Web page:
Thursday, May 21, 2015

Glimpsing The Santorini Windmill At Sunset

Sunsets on Santorini continued to impress, with the view from the edge of the land jut into the Mediterranean at the Oia end of the island.

The image of the iconic windmill at the sea's edge here at Oia was the symbol of the sunset we were about to enjoy, and gave the view a focal point.

After walking from Fira, I made my way through the small, cobbled laneways of Oia to the peak of the island - with everyone else on Santorini, it seemed!

After having the Fira sunset practically all to myself, here at Oia I was battling on my tiptoes to get the view I wanted, with swarms of tourists, all vying for the chance to get their sunset photos.


Every available vantage point was taken, as the sun started to make it's progress towards the water. Rooftops, balconies and terraces were filled, and it seemed like many people had been there at their spot for some time, to secure the view. Being a solo traveler, though, I could work my way through the crowd, and find a good spot on my own.

The colour hue show that nature put on for us all to take in was spectacular, leaving no doubt that these sunsets are the most beautiful in the world. You just can't beat the sun dipping into the ocean.

The overwhelming crowd ooed and ahhed as the colours changed, and the sun disappeared. We were lucky on this evening too for some random clouds across the sky, which I think always makes a sunset more impressive, catching and enhancing the colour show.

Once the actual sun had disappeared from view, much of the crowd headed back into the streets of Oia to the restaurants and market stalls. This gave me a slightly better view of the terraces below, and the hive of activity all around this section of the little town.

So very pretty, this sunset is one not to miss on a visit to the Greek Islands.

Tuesday, May 19, 2015

Gushing River Neretva

Having walked through the cobbled market street of Mostar from the iconic Stari Most, I crossed another bridge over the Neretva River and caught this view.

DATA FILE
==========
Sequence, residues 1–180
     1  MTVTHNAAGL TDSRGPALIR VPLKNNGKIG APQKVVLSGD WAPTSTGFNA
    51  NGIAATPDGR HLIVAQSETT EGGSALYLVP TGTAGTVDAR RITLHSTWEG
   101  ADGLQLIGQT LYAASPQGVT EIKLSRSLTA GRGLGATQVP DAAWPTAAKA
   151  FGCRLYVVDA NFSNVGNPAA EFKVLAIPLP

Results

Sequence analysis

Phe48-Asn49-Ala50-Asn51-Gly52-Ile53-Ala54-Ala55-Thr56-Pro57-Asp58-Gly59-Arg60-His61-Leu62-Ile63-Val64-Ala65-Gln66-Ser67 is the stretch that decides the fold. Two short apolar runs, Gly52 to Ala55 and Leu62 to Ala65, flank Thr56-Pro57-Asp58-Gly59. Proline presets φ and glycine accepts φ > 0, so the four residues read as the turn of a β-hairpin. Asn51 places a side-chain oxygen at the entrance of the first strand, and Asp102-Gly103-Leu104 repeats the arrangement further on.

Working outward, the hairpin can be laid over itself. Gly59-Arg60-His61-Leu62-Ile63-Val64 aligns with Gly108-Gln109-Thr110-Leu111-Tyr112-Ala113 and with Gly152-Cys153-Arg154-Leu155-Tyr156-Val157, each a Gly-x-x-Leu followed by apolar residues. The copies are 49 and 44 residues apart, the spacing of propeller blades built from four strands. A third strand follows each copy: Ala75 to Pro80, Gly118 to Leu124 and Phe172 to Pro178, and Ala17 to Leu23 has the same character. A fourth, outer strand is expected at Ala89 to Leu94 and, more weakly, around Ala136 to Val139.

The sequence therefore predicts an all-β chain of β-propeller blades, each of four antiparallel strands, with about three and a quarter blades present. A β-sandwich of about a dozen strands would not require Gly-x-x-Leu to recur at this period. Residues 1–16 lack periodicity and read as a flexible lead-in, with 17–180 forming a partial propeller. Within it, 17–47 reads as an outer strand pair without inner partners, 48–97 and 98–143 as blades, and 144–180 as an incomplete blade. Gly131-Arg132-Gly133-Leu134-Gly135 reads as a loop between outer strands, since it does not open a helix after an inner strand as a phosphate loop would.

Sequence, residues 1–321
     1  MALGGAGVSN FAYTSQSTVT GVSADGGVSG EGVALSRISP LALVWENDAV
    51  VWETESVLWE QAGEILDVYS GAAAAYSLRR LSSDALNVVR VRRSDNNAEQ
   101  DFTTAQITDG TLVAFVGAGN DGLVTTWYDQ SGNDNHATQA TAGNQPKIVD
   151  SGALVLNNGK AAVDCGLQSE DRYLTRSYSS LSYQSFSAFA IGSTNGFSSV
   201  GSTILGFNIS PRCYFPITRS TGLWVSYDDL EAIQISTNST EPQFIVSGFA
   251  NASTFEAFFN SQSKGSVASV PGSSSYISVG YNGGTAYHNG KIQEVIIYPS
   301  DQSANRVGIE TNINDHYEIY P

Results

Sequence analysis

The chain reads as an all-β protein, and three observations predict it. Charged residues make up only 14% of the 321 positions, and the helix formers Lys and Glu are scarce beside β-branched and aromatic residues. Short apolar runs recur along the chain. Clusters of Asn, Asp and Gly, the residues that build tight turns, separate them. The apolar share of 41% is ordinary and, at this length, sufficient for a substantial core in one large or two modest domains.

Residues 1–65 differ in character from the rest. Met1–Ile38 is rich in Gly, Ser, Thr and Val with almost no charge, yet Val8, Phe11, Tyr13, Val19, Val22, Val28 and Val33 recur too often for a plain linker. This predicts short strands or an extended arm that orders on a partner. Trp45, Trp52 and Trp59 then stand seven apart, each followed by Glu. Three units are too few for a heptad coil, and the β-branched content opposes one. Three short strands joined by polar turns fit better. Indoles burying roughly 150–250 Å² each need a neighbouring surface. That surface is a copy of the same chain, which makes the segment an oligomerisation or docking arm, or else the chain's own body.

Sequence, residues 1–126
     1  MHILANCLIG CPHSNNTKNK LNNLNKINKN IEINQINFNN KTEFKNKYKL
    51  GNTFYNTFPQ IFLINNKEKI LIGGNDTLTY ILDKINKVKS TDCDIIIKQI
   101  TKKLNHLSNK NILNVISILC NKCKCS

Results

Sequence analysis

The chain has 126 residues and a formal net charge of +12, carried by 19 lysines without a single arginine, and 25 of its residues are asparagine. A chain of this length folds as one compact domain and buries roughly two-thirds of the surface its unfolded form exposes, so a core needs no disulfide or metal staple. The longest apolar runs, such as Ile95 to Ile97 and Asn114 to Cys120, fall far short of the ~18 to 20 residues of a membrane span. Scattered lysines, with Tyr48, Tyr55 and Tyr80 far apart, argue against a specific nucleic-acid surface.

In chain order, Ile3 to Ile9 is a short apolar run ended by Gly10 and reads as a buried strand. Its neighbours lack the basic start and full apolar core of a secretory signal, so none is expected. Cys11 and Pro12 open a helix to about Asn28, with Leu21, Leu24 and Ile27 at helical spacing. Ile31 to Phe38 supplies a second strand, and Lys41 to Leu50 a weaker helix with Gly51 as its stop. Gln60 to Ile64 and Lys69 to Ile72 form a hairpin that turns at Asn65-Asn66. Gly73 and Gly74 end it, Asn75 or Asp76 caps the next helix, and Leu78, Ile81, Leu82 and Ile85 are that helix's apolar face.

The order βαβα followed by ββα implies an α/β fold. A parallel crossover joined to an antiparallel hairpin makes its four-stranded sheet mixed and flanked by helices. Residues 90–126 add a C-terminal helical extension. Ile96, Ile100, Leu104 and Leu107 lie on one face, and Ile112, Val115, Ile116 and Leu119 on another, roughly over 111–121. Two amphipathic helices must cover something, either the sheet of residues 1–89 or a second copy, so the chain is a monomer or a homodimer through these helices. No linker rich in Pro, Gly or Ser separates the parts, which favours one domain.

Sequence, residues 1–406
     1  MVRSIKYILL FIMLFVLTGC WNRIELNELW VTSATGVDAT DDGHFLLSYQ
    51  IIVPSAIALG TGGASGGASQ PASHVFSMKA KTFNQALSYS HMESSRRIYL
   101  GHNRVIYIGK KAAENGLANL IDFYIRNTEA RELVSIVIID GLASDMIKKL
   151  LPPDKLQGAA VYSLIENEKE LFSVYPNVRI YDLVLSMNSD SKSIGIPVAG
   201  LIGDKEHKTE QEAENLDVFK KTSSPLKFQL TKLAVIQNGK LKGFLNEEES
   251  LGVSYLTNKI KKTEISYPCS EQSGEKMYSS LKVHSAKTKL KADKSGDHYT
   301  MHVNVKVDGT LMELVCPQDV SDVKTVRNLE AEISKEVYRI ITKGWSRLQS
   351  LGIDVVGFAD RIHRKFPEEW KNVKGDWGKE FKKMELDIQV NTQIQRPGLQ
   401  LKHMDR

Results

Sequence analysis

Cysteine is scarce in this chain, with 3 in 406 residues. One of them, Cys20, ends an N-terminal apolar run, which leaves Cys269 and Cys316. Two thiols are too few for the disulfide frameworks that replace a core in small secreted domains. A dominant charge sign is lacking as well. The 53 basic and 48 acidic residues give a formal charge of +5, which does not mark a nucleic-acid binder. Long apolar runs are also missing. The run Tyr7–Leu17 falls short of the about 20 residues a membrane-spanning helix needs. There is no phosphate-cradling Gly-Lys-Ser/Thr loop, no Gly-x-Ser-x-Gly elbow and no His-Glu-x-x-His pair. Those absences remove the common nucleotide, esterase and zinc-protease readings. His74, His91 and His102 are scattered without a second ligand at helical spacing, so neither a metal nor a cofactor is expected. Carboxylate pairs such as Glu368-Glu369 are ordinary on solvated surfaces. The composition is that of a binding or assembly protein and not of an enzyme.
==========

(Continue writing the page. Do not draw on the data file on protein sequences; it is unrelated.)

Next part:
Monday, May 18, 2015

Doors Of Oia: Santorini Photo Essay


As I made my walk down the hill from my walk from Fira to Oia, more of the iconic white buildings signature to the Island, appeared with each step. Claiming their space on the caldera edge towards the sea and the volcanic island in the bay, each was so pretty and unique.



As the light began to fade, the hues were made even more beautiful, combining with the pathways, the sea and the sky.


Sunday, May 17, 2015

Fifty, Plus Four: Country Counting


As I crossed the border from Montenegro to Croatia last year, I reached my 50th country.

According to the map program above, I have now visited 24% of the world, being 54 countries.

In the past 12 months, I have added the Solomon Islands, Greece, Montenegro, Croatia, Bosnia and Herzegovina, Serbia, the United Arab Emirates, and Taiwan.

The challenge now will be to keep the momentum of visiting new places each year, as I face the prospect of getting a job in one place, without so much time to travel!

You can check out the progress of this map this the beginning of this blog, 10 years ago now, here through my Visited Countries tag.

Thursday, May 14, 2015

Caldera Walk From Fira To Oia, Santorini


Walking along the track on top of the volcanic caldera in Santorini provides contantly changing, spectacular views!

That top photo is the view looking towards Oia from the edge of the buildings and resorts in Fia. This one to the left is looking back to Fia. So dreamy!

Inspired by a post I read about the walk over on World Wandering Kiwi when I was researching the Greek Islands, I was determined to do this on my visit to Santorini.

The walk is about 9.6kms, and starts within the white restaurants and hotels of Fira. In my research I read one tourist saying it was hard to find the path, and whilst it wasn't marked, it was pretty easy to just walk in the direction of Oia, the peek of land you could see across the bay. The worst that could happen in this built-up area is that you wander through a pretty laneway, for yet another amazing view of the water!


The path is very defined once you are through the bulk of Fira buildings, and climbs up and down until you have a clear view of Oia town. At just one point it leaves you, making you veer onto the shoulder of the road connecting the two towns, but it is clear where it starts again, and you are once again walking along the edge of the volcanic cauldron.